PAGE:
A “reproduction” that will immediately stand out are three red urinals lined up on a wall, public restroom style. These wax and fiberglass pieces from Rachel Lachowicz, 1992, are painted with red lipstick — a not-so-subtle take on putting lipstick on a pig. Aside from the incredible Stieglitz photo, which beautifies and mystifies the original R. Mutt-signed piece, there are several other urinals in the show.
One in bronze and titled “Fractured Fountain (Not Duchamp Fountain 1917),” from Mike Bidlo, 2015, references one of the theories about “the end” of Duchamp’s piece, that it was smashed by an art-world notable.
Likely the most familiar art sits on its own white table and takes reproduction to a new level. It’s Warhol’s “Brillo Soap Pads Box” from 1964. As Clearwater points out, there is more to this than meets the eye. The Brillo box is not in fact a readymade or found object — Warhol crafted it out of plywood and silkscreened the imagery. He used the primary colors popular in modern 1960s graphic design; he printed “New!” in the corners, because everything post-war America had to be new — but he also let the ink drip to intentionally leave a human touch, an imperfection, on what otherwise should be a perfect prefabricated box of soap pads.
Julian Schnabel did pick out a found object, a tacky painting of a young girl in uniform he bought at a thrift store, and added his own paint strokes, including blacking out the girl’s eyes. He is playing with the idea of what makes something “fine art” and what is junk, and the value we place on each one. If an artist choses an object (or pedestrian painting) and turns it into a work that may be shown in museums and sold for millions, where do we actually place value? These are fascinating dialogues raised in this exhibit.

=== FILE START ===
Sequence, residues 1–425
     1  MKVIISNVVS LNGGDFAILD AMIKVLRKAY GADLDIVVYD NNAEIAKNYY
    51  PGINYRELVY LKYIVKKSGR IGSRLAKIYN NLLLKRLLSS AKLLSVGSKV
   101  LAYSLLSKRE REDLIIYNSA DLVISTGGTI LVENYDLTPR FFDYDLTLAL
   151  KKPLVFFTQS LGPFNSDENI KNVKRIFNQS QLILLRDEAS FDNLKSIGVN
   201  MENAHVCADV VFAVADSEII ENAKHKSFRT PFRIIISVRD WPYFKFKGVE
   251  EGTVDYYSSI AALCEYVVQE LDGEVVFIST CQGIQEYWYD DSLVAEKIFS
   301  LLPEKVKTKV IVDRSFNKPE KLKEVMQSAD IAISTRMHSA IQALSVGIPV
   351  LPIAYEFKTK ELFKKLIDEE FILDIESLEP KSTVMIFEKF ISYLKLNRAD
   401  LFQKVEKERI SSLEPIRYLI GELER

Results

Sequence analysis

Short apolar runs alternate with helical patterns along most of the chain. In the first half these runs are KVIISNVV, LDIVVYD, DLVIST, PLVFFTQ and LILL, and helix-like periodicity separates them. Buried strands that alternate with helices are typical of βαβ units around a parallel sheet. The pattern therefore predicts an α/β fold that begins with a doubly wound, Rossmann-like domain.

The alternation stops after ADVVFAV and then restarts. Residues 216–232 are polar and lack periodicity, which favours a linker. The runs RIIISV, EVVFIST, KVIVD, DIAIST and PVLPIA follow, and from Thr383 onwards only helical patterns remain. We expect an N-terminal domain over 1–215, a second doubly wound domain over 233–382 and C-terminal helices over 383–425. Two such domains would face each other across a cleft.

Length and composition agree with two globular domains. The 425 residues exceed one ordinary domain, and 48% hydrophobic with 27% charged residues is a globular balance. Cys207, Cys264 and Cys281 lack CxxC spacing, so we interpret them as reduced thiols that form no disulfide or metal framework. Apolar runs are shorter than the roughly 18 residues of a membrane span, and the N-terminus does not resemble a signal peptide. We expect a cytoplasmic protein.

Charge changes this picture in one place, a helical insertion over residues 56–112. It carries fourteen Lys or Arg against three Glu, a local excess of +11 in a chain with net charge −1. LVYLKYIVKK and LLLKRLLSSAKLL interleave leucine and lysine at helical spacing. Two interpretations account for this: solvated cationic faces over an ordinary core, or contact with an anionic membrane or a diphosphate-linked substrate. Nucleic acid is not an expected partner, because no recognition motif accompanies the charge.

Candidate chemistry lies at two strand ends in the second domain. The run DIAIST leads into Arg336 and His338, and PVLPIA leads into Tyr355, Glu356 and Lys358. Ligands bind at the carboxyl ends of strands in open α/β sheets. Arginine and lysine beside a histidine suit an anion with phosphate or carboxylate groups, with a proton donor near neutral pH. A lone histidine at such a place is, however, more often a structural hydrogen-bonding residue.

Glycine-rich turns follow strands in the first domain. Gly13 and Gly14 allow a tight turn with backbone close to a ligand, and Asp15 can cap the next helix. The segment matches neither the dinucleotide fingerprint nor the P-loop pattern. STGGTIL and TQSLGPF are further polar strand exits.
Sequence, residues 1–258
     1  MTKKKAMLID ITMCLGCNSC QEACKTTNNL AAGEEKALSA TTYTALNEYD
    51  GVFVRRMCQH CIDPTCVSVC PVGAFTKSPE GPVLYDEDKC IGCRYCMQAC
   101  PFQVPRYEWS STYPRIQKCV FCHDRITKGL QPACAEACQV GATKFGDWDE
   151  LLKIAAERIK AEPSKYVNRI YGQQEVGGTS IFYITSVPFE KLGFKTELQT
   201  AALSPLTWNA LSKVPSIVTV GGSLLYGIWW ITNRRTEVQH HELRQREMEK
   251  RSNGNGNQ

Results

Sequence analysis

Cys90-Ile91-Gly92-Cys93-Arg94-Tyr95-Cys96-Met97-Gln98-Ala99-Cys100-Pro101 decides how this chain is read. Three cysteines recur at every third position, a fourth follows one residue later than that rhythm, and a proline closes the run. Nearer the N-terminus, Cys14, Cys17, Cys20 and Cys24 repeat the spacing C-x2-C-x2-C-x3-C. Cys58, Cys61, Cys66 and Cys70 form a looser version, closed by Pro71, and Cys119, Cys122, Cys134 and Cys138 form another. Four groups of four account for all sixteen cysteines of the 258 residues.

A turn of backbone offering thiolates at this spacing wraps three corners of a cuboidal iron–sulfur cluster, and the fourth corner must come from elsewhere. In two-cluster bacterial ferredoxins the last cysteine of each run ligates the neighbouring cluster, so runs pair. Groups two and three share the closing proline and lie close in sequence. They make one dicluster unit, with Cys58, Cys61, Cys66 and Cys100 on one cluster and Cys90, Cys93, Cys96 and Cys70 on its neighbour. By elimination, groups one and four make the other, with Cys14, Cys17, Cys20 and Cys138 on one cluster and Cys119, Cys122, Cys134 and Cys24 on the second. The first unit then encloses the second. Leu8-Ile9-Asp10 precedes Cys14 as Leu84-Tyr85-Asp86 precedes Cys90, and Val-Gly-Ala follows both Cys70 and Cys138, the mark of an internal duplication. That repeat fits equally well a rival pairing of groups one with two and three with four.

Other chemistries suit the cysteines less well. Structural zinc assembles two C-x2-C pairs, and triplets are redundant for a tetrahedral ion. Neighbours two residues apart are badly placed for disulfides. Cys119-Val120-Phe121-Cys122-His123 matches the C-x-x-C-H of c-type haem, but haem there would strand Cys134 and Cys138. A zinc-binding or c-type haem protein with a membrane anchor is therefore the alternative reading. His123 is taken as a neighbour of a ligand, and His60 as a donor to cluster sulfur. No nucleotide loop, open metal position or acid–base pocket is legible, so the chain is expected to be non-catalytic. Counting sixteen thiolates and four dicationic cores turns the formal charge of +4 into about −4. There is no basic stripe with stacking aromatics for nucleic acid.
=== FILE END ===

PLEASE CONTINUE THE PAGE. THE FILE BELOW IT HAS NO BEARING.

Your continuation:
In the following room, what happens with appropriation is amazingly dissected in Corey Arcangel’s sound piece. He has taken Jimi Hendrix’s famous guitar solo of the “Star Spangled Banner” at Woodstock, filled with awkward twangs and atonal tweaks — and run it through Apple’s GarageBand Auto Tune, which automatically erases those awkward sounds, leaving it a new, but almost emotionless reproduction. In this room also are works by Kara Walker, Mike Kelley and yes, aesthetically lovely book pages from John Baldessari, called “Choosing: Green Beans.”
The two walls covered by photographs from the great French conceptual artist Sophie Calle might leave the most profound impression. What makes something beautiful, what makes something aesthetically pleasing in art, or in life? Calle asked numerous people born blind at birth about what they thought, and the results are somewhat predictable, as they relate to what others have told them — Duchamp’s idea that we view all art within cultural confines. They describe starlit skies, snow-capped mountains, Christmas decorations, green fields — scenes they have never seen.
As for the object that rarely has been seen and is the basis for the exhibit, the “Fountain,” Clearwater has a theory. “My belief is that it had to disappear, it’s part of the mystery. How do you keep it alive? ... With a desire to see an original that we’ll never see.”
Before you leave, wonder over to another exhibit, “Josie Bedia Fieldwork: Selections from the de la Cruz Collection and the Artist,” to take in the notebook sketches of Africa from one of Miami’s most intriguing artists and cultural archeologists.
If You Go
What: ‘Some Aesthetic Decisions: A Centennial Celebration of Marcel Duchamp’s Fountain’
Where: NSU Art Museum Fort Lauderdale, One E. Las Olas Blvd.
When: Through Sept. 3